Laziness and bad design go hand in hand, not optimizing everything is just plain lazy, but do you also remember to optimize your code? I refute that it is laziness on my part not to provide a sub standard page for non compliant browsers.
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  #19  
Old 08-28-2002, 07:24 AM
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gland gland is offline
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Chiquitita I guess I did use the word "professional" rather loosely. The HTML was done well. Nice use of CSS-etc.

I just can't figure out why they didn't take a little time to optimize the images.

Gary
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  #20  
Old 08-28-2002, 03:59 PM
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Kevin Connery Kevin Connery is offline
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Quote:
Surfing the web without a compliant browser and standard equipment is like expecting shops to stock the latest Hollywood blockbuster on beta-max
It all comes back to keeping your audience in mind.

A few years ago, BMW (the car folks) created a very pretty site that made very heavy use of QuickTime movies (QTVR, I believe). Since their market was high-end car buyers, they knew their potential customers could afford new computers.

What they neglected to consider was that just because their customers COULD spend a few thousand dollars every year or two didn't mean that they chose to do so. And, at that time, many executives weren't using the net at work--they might not have a computer on their desk.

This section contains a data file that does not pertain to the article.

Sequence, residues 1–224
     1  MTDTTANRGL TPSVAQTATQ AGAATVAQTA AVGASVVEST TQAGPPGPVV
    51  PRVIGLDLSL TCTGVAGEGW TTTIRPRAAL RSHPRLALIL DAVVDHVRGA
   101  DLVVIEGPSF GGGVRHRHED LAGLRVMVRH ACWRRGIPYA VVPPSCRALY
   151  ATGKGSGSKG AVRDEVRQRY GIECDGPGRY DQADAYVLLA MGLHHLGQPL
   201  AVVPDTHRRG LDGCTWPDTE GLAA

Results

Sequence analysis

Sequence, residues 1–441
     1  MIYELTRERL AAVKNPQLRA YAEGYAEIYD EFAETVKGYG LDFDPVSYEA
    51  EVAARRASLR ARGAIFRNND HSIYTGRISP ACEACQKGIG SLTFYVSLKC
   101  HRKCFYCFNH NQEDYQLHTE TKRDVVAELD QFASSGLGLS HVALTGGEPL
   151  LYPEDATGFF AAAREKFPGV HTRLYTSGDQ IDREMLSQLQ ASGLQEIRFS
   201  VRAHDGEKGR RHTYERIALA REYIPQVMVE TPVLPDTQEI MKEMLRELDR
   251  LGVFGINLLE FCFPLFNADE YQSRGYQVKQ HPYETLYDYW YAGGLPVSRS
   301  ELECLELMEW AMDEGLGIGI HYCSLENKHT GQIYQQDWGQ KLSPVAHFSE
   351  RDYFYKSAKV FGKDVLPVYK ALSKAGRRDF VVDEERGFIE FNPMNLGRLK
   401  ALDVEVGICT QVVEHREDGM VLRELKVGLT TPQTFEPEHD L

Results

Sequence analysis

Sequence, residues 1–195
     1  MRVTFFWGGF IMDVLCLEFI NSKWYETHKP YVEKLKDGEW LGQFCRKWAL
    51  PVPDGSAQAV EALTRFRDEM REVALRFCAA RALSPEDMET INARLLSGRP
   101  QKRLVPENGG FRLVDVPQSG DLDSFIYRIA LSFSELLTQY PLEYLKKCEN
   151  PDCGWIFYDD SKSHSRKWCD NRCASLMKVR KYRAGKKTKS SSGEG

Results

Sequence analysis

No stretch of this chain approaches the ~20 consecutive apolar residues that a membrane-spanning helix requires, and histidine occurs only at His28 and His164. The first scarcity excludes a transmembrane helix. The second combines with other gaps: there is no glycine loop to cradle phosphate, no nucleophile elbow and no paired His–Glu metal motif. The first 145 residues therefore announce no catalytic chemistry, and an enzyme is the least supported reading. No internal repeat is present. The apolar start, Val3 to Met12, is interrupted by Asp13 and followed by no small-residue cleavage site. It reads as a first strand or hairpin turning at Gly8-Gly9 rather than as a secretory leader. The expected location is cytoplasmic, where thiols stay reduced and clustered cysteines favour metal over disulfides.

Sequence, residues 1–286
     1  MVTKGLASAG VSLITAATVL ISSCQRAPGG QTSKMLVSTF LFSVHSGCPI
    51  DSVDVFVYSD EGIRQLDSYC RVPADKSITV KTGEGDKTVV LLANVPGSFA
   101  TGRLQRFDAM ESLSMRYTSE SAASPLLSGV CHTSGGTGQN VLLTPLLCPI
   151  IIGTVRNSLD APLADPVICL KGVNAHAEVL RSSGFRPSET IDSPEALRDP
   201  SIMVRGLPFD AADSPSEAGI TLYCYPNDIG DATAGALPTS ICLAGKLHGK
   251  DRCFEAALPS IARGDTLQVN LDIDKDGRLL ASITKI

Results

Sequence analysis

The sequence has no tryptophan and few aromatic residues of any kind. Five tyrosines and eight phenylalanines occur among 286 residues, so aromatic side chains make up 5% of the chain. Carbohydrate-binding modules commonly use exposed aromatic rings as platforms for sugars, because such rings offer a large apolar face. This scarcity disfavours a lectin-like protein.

So they got a lot of people going TO the site, and a lot of people who couldn't SEE the cars. Sales had a [very] minor dip in the subsequent months, and the site was updated. Whether the sales dip was related or simply coincidental, I don't know, but...

Net-geeks often forget that most people aren't on broadband--just because it's relatively cheap doesn't make it a useful expense for many people. The same goes for 17" or larger screens, or high-resolution displays of any size, or multiple monitors, or...

Just because a potential customer CAN spend money or time on their computer (a 'free' browser download that take an hour to download and 3-5 hours to get working for the people who don't know the 'obvious' solutions is NOT free!) doesn't mean they will. The only time this is a truly safe bet is when you're selling software for the net--and the last time I checked, most retouchers were selling fixed images, not software.

Who is your customer? What is it safe to assume they own/use? What do they want from your site? Those are the key questions.

Last edited by Kevin Connery; 08-28-2002 at 04:23 PM.